17 Foundation Learning Do you need a bit more time to build your confidence and gain qualifications to move onwards and upwards? FACT FILE Foundation Learning Foundation Learning is specially designed to meet your needs. Your school will help you to think about what you want to do post 16. Then it will organise lessons and give you support to help you get where you want to be. Foundation Learning can last a term, a year or even two years. It gives you time to grow in confidence and lets you build your skills and knowledge at a pace that suits you. What you learn Your school will help you choose courses that meet your needs. You will learn: functional skills in English, mathematics and information and communication technology (ICT) the skills you need to organise yourself, to work with other people and to get better at what you do work related or subject learning that will help you in the future. You could study some of the subjects you do now. You could also take some new subjects. The new subjects could show you what the world of work is like and help you with your personal and social development. Examples Caring for children Citizenship studies Creative craft Employability and work skills Personal development and effectiveness Retail skills Vehicle maintenance Qualifications Your school will advise you about qualifications that might suit you. Most people take GCSEs alongside other qualifications. These could be Functional Skills qualifications at Entry level or level 1, or an ASDAN, BTEC or OCR qualification at Entry level or level 1. What next You could study for more GCSEs or other level 2 qualifications. You could apply for an Apprenticeship or other form of job with training. You could also take courses that help you prepare for supported employment and/or independent living. Your school/provider might have a different name for this learning route but they will offer something like it. To find out more speak to your teachers, learning support staff, parents/carers and your careers adviser. 16 WHICH WAY NOW? CHOOSING THE RIGHT OPTIONS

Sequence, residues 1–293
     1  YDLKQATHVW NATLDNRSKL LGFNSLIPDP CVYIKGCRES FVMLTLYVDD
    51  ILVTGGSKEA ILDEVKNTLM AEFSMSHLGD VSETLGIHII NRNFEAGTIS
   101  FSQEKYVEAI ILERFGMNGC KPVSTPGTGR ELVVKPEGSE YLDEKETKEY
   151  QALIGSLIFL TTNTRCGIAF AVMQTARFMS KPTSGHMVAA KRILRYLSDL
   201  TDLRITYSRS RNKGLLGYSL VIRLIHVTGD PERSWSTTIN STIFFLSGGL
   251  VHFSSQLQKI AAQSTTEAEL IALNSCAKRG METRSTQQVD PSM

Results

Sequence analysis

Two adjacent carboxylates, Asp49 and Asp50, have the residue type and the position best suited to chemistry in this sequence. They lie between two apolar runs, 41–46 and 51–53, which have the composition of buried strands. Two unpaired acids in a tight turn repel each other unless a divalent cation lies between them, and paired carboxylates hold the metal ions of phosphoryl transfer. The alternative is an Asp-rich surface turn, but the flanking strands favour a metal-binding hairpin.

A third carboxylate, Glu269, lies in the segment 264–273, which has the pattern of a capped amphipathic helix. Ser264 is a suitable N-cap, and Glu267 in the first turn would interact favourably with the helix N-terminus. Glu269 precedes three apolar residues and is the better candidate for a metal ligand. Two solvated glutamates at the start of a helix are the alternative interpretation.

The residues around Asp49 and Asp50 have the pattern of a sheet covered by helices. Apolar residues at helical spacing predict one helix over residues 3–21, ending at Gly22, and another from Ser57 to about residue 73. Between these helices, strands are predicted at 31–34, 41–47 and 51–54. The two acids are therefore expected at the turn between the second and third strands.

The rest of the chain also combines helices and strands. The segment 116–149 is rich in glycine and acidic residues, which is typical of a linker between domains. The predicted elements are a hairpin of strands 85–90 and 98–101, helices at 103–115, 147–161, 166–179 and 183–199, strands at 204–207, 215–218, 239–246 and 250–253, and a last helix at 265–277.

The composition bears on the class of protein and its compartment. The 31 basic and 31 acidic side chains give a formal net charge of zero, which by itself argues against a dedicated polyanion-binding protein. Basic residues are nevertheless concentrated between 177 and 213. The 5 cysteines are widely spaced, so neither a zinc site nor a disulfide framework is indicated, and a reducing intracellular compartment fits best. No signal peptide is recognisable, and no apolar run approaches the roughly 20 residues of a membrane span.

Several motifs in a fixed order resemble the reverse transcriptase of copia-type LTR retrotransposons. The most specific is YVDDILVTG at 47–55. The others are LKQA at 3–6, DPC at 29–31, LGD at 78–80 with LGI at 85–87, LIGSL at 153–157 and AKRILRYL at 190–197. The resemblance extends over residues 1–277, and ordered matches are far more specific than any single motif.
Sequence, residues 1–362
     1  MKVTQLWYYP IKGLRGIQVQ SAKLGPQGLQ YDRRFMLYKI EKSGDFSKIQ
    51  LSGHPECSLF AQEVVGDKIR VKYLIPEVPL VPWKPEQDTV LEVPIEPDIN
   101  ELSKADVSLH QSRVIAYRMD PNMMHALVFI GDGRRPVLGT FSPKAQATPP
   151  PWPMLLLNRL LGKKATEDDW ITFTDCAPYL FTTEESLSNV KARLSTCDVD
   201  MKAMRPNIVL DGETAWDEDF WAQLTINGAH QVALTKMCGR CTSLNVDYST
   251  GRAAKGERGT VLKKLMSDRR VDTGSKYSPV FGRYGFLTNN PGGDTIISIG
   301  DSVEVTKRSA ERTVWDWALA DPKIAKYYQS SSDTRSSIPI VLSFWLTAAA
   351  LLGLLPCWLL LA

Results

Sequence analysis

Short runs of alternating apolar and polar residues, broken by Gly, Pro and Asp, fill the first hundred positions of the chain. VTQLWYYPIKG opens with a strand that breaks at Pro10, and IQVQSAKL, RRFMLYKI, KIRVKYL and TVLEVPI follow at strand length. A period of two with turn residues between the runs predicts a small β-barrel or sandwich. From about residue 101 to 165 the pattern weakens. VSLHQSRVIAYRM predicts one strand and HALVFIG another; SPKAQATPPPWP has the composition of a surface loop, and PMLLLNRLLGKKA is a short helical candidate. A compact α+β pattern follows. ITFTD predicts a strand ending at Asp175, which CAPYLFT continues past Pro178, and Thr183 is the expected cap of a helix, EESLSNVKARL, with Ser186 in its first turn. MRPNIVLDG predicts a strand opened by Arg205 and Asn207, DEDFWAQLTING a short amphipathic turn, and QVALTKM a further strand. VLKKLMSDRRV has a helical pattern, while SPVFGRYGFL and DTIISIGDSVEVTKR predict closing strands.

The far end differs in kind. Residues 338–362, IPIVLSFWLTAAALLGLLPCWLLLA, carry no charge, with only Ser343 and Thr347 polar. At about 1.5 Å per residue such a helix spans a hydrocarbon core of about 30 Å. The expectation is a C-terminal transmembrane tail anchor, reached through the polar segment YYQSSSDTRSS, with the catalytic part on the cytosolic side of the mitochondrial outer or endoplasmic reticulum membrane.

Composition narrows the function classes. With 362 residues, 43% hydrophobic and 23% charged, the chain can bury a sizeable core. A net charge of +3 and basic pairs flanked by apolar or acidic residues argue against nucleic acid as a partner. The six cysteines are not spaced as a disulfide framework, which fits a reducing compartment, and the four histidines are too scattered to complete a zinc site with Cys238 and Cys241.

18 Assessment Assessment is part of all courses that lead to a qualification. Knowing what to expect and how best to approach it can help you to choose your options and to get higher grades. You will come across three main types of assessment at key stage 4: internal assessment often called controlled assessment, this includes research and other projects done in school under exam conditions portfolios of evidence collecting and presenting evidence that demonstrates your knowledge and skills examinations tests that take place at a set time and assess how well you understand a subject. Tips for managing internal assessments Choose the task or topic that interests you most so that you stay motivated. Read all instructions carefully and ask for help if you don't understand. Organise yourself plan your work and pay careful attention to deadlines. Don't copy from the internet, books or other people the examiners want to know what you know. (It's also illegal to copy stuff and you could be barred from getting a grade for the course.) Action point 8 Make an effort with your presentation and double check your spelling and grammar. Check that there are no important details missing like your name! Act on any feedback you get use the expert advice to help you improve your performance and reach your target grades. Tips for managing exams Check the dates and times of your exams very carefully. Make a revision plan and stick to it include revision classes, revision clubs and relaxation time in your plan. Act on any feedback you get so that you improve your performance and get closer to your target grades. Revise using memory aids that fit your learning style graphics, flowcharts, highlighted text, summary notes, cartoons, sound recordings, key point cards. You could revise with your friends too. Sleep and eat well before an exam and prepare any equipment you need beforehand don't leave it until the last minute. Learn some relaxation techniques to help you stay calm during an exam. Once an exam is over, try to put it out of your mind and concentrate on the next one it s too late to change anything although you can always learn from your mistakes. Work out what you could have done better and aim to change things next time. Think about assessment What type of assessment suits you best? internal assessment building a portfolio of evidence examinations Look at the key stage 4 options that interest you and then fill in this table. Option Type of assessment Suits me Does not suit me List four things you can do to organise yourself so that you cope well with internal assessments and portfolios of evidence: List three memory aids you find helpful: List two relaxation techniques that could help you stay calm in an exam: CHOOSING THE RIGHT OPTIONS WHICH WAY NOW? 17